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EIU Teaching with Primary Sources

Follow the Evidence: The Trial of the Lincoln Conspirators

Lincoln CSI Header

John Wilkes Booth

John Wilkes Booth | Evidence | Prosecution | Verdict 
April 14, 1865 | The Conspirators


A defense attorney would have his work cut out for him trying to defend John Wilkes Booth in the assassination of President Lincoln. The biggest piece of evidence a lawyer would have to overcome is the fact that Booth jumped to the stage of the theatre after he shot Lincoln. Booth was a popular actor and would be recognized most anywhere, especially in a theatre. The eyewitness accounts alone would be nearly impossible to deny.

Lincoln CSI Lincoln knew he was hated by many in the country, especially from the south. From the time he became president-elect up until his assassination, President Lincoln received almost daily doses of hate mail. Booth's lawyer could bring these letters into evidence trying to convince the commission that Booth may have just been a figure head for a bigger conspiracy.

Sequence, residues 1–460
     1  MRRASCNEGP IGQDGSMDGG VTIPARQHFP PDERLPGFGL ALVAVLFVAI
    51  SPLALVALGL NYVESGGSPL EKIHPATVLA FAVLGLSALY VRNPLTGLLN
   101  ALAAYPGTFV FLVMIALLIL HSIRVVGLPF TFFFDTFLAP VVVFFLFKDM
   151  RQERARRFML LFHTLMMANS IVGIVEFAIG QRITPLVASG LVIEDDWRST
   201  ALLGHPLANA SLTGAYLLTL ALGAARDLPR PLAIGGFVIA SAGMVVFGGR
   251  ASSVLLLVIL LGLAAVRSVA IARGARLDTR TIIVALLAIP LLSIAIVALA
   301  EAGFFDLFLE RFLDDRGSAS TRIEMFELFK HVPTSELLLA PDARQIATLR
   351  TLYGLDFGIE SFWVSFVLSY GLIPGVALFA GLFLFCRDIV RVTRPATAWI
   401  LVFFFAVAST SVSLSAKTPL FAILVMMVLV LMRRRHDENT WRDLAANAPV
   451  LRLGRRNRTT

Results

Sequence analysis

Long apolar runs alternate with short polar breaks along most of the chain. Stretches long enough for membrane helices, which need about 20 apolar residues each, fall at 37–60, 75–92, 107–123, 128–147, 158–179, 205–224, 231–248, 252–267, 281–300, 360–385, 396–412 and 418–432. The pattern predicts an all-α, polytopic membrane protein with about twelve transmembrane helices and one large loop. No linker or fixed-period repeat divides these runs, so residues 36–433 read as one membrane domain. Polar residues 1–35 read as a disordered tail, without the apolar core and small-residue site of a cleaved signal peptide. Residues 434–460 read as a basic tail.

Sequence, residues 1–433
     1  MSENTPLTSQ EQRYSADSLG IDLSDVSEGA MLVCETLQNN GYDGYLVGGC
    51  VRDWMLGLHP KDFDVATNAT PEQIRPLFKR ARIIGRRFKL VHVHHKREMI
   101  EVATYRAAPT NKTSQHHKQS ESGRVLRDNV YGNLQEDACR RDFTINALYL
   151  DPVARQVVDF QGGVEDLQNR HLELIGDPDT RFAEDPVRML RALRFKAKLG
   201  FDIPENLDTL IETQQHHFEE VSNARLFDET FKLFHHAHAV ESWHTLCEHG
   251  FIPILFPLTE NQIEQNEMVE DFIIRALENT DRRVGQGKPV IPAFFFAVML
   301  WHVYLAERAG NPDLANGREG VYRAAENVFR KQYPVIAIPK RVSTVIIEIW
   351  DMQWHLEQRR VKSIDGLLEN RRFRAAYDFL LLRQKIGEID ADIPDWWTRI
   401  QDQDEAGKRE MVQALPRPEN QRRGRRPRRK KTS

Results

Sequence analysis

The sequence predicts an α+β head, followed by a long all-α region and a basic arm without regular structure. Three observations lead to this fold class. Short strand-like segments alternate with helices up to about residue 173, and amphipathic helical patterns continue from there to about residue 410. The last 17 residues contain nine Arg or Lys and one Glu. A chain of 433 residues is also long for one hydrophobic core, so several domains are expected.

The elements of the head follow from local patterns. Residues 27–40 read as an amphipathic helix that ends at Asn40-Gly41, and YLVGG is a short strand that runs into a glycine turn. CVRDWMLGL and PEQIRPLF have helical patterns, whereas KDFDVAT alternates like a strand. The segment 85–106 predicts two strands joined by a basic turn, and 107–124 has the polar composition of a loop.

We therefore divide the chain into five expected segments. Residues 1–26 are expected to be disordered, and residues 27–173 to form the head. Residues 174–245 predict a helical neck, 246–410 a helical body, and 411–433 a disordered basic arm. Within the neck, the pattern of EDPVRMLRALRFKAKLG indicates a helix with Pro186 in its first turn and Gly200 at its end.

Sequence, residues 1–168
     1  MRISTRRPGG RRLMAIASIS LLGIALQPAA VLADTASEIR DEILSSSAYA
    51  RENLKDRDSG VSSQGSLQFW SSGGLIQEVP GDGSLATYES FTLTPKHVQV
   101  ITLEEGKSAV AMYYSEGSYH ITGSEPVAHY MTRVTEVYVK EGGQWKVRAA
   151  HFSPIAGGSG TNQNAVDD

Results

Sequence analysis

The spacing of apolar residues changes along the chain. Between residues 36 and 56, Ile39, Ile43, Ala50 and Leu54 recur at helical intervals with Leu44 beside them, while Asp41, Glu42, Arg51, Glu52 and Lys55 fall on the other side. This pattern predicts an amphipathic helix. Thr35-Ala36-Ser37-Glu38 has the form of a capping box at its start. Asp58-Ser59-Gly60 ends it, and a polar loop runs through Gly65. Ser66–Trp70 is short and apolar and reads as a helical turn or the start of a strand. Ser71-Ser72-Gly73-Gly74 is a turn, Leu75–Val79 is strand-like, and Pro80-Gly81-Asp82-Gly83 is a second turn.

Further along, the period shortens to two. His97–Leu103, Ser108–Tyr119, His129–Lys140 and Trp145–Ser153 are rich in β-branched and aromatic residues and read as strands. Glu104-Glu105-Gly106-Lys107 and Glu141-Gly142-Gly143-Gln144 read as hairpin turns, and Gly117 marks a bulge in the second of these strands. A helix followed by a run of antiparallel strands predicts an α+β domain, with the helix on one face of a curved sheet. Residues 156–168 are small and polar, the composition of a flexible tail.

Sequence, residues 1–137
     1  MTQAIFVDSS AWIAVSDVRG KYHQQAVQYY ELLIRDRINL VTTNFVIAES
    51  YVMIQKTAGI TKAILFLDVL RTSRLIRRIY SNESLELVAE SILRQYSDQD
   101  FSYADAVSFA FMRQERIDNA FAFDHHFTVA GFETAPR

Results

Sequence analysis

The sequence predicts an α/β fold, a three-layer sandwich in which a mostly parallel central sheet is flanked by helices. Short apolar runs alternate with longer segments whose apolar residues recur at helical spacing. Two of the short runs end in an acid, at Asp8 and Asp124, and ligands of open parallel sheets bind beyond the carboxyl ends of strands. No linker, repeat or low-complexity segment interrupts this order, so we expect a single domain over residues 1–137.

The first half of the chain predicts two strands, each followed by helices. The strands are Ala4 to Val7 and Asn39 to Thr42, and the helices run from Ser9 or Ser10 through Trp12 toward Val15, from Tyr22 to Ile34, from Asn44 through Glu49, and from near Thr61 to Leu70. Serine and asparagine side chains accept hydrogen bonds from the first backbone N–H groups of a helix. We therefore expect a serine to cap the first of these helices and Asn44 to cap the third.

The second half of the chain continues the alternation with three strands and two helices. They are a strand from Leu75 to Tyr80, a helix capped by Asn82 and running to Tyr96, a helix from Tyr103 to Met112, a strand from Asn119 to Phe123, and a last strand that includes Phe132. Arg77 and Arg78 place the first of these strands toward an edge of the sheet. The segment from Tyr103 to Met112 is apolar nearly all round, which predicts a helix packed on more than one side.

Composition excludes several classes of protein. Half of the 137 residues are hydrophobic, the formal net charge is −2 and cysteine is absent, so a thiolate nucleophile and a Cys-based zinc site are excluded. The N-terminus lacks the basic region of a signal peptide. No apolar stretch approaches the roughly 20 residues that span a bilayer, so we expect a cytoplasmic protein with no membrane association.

The compass used by John Wilkes Booth when
he tried to escape Washington D.C. after
shooting President Abraham Lincoln

 Library of Congress
 Prints and PhotographsLincoln CSI

The most likely defense might have been an insanity plea. This was a very new option for defense lawyers during this time and not often regarded as reputable. If Booth's lawyer could show that his client was pushed over the edge with the surrender of the Confederacy that Booth so believed to be in the right with the issues of slavery and to know that Lincoln would be president for another term could have just been the last straw. But many people despised President Lincoln, would talk bad about his beliefs for the nation and may have even said out loud that they wished he was dead, but in the end only one man, John Wilkes Booth pulled the trigger.

 John Wilkes Booth's diary.
Library of Congress
Prints and Photographs

Lincoln CSI



John Wilkes Booth's diary.
Library of Congress
Prints and Photographs


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